Franchising is one of the most popular strategies for business growth because it allows a business to expand to multiple locations and significantly increase its market presence without large capital investments and marketing cost.
Before you decide to franchise your business, you should seek advice from a specialist franchise lawyer who will guide you through all the aspects of franchising.
Business Plan: At the outset you need to prepare a business plan for franchising your business including issues relating to structure of the franchise, franchisee profile and allocation of territories to the franchisee, staffing resources, franchisee support system, financial analysis for your own business and that of the franchisee. You also need to set out the amount of the initial investment that will be involved while franchising your business.
Drafting an appropriate Franchise Agreement: An appropriate Franchise Agreement should include clauses with regard to the term of the agreement, rights of renewal, obligations of the contracting parties, franchise fee, insurance, governing law, termination and any other relevant clause(s) that the parties deem fit. The agreement should also include the standard of the service or products to be provided or sold by your franchisee and the method by which these standards are enforced.
Compliance with the Franchising Code: You are required to comply with the Franchising Code as required under the Competition and Consumer Act, 2010 which essentially sets out your rights, obligations, information you must disclose to your franchisees. As a franchisor, you are required to develop and maintain a compliant disclosure document. The Franchising Code also sets out the procedure for dispute resolution with respect to any dispute arising between a franchisor and a franchisee by the Office of the Franchising Mediation Adviser(“OFMA”).
Understanding your Tax Obligations: As a franchisor, you need to understand your tax obligations and how franchising fees are treated for tax purposes. You need to review your Income Tax and Goods and Services Tax (GST) reporting requirements. Generally all payments you receive from a franchisee will be assessable income and those payments will also attract payment of GST, provided the franchisor is GST registered. Payments from the franchisee to the franchisor generally include initial franchise fee, franchise renewal fees, franchise service fees or royalties, advertising fees, transfer fees and training fees.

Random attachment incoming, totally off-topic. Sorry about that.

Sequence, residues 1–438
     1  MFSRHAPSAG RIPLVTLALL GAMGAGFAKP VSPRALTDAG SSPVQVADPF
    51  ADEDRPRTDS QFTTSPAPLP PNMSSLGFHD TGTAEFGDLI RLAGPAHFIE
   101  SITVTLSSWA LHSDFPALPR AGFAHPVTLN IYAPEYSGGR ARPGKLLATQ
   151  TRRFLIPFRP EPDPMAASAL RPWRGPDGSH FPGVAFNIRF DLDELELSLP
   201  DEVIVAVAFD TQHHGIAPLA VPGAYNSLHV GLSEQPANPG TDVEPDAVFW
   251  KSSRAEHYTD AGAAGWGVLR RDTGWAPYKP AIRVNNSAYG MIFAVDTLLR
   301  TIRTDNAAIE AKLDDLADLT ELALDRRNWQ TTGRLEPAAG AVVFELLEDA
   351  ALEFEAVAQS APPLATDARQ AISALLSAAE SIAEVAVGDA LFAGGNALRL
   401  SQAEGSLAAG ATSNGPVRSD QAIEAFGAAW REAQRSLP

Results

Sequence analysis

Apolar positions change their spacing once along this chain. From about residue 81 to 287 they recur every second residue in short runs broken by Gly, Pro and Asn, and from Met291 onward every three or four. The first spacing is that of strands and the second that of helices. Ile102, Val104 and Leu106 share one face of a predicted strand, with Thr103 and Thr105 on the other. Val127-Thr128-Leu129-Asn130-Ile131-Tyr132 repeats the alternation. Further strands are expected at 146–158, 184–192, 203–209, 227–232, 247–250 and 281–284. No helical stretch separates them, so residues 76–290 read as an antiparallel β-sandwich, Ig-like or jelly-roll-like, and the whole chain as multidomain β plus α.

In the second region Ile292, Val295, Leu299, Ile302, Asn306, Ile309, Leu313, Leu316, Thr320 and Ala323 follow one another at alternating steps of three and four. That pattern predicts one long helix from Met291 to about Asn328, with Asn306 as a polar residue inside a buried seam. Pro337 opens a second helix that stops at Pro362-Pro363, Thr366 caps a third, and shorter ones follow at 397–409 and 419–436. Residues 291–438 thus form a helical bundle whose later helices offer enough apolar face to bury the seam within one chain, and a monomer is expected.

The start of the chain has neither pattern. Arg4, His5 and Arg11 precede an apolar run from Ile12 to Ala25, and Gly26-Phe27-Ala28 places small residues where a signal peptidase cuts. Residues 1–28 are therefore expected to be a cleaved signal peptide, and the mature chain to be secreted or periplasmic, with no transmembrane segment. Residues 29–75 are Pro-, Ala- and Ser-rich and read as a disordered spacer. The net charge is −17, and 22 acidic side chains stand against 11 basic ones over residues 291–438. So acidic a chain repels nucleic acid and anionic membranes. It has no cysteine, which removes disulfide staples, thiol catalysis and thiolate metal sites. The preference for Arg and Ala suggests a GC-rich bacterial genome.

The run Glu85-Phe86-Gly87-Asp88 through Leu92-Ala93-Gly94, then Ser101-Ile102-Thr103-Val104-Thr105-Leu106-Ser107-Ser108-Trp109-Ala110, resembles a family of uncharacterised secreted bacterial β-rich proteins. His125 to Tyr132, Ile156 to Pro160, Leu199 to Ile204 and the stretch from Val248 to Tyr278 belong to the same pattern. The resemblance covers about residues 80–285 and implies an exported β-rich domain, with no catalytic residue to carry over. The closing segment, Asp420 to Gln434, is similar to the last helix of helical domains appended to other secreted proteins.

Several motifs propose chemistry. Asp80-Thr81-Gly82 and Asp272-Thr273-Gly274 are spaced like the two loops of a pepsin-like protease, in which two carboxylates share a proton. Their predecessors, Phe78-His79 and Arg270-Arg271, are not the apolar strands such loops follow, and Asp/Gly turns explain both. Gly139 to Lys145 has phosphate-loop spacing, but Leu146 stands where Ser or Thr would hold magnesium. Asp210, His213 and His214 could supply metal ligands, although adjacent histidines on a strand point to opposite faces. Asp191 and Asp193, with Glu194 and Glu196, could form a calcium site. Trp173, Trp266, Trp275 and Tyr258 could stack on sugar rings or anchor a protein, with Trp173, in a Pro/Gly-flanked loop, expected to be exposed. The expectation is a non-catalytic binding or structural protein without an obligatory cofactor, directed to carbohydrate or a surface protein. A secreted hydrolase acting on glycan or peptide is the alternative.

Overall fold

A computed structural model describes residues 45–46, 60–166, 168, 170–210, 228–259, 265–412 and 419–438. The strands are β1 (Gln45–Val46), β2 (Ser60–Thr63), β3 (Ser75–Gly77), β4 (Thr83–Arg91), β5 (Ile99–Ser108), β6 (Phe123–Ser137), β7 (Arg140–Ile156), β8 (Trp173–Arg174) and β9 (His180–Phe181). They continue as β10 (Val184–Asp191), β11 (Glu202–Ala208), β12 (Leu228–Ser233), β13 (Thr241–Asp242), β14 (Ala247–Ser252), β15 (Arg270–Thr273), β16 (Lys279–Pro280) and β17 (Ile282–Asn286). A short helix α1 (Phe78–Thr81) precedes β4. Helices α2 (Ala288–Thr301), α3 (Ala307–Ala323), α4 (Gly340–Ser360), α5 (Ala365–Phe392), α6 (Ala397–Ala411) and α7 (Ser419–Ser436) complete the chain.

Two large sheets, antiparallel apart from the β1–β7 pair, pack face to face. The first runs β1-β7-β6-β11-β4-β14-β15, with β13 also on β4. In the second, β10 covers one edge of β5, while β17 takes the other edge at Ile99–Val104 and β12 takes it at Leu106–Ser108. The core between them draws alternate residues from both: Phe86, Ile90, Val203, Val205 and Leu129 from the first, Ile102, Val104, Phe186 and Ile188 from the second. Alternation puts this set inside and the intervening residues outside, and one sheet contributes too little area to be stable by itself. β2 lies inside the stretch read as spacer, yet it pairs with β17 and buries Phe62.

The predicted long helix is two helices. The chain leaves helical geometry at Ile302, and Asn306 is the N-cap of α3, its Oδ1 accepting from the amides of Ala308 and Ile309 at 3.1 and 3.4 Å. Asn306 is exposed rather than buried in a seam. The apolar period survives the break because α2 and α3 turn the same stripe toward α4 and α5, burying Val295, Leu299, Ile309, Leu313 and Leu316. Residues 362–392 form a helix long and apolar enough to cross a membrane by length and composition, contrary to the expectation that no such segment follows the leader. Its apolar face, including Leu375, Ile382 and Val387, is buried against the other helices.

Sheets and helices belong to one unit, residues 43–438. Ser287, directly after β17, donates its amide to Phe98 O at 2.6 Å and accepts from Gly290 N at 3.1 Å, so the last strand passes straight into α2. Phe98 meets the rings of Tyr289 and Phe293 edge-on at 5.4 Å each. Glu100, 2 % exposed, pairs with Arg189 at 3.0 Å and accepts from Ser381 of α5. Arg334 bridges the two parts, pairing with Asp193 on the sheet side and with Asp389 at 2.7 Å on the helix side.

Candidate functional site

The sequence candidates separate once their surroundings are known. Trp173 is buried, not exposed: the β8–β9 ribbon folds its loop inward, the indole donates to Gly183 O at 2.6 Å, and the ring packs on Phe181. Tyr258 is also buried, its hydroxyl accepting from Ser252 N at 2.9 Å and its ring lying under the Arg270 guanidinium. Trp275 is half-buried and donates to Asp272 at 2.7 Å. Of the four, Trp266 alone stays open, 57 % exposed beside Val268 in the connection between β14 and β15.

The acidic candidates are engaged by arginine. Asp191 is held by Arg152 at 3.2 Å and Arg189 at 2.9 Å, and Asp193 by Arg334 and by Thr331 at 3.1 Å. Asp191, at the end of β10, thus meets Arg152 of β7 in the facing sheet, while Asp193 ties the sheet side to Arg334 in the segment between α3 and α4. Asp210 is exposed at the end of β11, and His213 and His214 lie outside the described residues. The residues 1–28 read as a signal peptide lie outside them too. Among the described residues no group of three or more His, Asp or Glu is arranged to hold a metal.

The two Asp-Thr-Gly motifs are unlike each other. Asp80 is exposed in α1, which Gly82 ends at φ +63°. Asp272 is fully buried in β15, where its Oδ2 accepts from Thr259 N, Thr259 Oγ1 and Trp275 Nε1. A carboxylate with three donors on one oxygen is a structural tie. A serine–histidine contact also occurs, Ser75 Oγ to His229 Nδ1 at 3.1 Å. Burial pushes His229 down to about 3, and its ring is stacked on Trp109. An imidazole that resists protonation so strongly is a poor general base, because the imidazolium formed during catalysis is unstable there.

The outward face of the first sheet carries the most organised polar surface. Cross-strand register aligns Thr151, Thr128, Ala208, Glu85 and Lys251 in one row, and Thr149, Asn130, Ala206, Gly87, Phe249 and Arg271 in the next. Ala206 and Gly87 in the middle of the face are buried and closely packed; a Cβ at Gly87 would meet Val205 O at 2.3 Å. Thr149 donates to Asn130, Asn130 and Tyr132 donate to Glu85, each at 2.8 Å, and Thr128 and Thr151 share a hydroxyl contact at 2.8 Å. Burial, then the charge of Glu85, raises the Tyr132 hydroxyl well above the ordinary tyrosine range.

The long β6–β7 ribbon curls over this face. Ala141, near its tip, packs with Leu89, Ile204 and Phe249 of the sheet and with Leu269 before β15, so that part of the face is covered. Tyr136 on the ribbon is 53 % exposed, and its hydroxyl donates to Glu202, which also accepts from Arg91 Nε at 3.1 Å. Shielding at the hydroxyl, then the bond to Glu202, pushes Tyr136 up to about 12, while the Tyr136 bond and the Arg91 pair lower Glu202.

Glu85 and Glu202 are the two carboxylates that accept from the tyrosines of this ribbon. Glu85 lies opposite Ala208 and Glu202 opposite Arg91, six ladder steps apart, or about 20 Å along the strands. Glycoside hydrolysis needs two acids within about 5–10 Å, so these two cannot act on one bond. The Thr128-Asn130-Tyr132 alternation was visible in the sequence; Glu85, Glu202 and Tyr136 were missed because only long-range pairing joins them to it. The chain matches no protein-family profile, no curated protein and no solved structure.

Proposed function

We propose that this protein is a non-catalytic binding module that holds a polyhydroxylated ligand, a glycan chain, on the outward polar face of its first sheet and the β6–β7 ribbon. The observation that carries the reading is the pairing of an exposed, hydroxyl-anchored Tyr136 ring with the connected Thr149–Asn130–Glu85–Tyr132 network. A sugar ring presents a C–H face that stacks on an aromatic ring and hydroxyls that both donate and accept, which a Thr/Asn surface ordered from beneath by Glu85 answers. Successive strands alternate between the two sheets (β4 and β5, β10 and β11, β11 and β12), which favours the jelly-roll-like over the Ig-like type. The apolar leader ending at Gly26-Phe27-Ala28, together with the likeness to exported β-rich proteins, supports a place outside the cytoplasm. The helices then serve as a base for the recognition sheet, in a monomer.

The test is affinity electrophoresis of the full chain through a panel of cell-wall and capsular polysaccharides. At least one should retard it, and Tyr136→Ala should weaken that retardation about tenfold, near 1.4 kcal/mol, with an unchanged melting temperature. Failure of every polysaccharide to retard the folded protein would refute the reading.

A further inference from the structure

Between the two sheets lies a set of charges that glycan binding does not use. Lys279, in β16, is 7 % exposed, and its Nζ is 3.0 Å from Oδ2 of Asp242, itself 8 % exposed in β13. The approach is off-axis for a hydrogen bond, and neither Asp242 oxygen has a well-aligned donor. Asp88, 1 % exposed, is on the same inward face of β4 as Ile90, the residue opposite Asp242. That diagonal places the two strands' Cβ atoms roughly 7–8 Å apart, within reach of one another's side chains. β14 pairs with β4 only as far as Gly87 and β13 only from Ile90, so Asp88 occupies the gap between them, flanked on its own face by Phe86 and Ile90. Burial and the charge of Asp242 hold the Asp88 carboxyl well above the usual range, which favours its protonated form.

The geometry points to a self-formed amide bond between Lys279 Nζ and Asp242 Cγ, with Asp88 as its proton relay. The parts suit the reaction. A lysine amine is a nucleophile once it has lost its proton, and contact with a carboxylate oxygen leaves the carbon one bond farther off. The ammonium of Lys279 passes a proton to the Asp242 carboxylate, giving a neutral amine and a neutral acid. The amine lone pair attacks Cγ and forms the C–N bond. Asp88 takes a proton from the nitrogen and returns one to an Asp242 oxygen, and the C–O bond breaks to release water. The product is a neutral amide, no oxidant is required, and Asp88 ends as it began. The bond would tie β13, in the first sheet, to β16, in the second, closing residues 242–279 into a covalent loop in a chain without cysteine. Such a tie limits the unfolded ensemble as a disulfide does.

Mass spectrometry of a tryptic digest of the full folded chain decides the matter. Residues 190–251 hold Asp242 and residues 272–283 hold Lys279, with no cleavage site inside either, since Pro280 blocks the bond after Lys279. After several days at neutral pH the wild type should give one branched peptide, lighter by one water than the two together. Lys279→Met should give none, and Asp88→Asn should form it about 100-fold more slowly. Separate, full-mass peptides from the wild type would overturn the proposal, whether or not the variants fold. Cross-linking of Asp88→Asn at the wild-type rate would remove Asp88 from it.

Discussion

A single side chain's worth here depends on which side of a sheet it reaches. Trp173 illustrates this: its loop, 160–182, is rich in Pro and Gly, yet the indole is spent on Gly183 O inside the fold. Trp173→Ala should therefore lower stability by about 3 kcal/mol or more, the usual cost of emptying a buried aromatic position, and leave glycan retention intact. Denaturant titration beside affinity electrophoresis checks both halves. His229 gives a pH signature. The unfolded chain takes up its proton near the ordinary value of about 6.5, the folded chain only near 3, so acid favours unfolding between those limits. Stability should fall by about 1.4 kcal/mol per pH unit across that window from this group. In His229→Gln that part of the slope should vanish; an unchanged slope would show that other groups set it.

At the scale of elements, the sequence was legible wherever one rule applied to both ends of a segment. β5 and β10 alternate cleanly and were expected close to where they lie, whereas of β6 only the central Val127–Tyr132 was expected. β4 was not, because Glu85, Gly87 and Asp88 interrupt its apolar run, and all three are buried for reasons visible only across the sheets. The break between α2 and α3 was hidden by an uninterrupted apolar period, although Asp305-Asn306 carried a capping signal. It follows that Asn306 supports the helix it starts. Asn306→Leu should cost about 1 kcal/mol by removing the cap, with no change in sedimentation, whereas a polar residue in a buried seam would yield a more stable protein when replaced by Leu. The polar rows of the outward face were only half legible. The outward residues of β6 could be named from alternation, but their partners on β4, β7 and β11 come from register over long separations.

Finding franchisees: You can find your prospective franchisees through a number of ways such as franchise websites, advertisements on franchise magazines, national newspapers carrying franchise features and franchise exhibitions. To support your franchisee recruitment you also need to create relevant franchise literature that outlines the structure and nature of your franchise and the relevant criteria that need to be fulfilled in order to become one of your franchisees.
Franchise Management Team: Your franchise management team should be responsible for selecting franchisees, providing ongoing support, monitoring performance and reporting, carrying out credit control and providing technical advice for franchisees.
Protecting your intellectual property: You need to ensure the protection of your intellectual property while franchising your business as it includes the brand name, trade mark, business methods and your unique and innovative business ideas. Your Franchise Agreement should clearly set out the guidelines your franchisee is supposed to conform to while using your intellectual property. Our intellectual property lawyers in Sydney can provide advice on protecting your IP.
Occupational Health and Safety (OH & S): As a franchisor, you have certain obligations towards your franchisee(s) with regard to occupational health and safety obligations. As part of this obligation, your Franchise Agreement and Operating Manual needs to comply with all the OH & S laws and ensure safety of all people involved in the franchising process.
At Owen Hodge Lawyers, our team of team of Sydney-based franchise lawyers can guide you through the legal process of franchising your business. In addition, we can refer you to our network of consultants and advisors for non-legal issues. Please feel free to contact our team at Owen Hodge Lawyers if you have any question or require any assistance.
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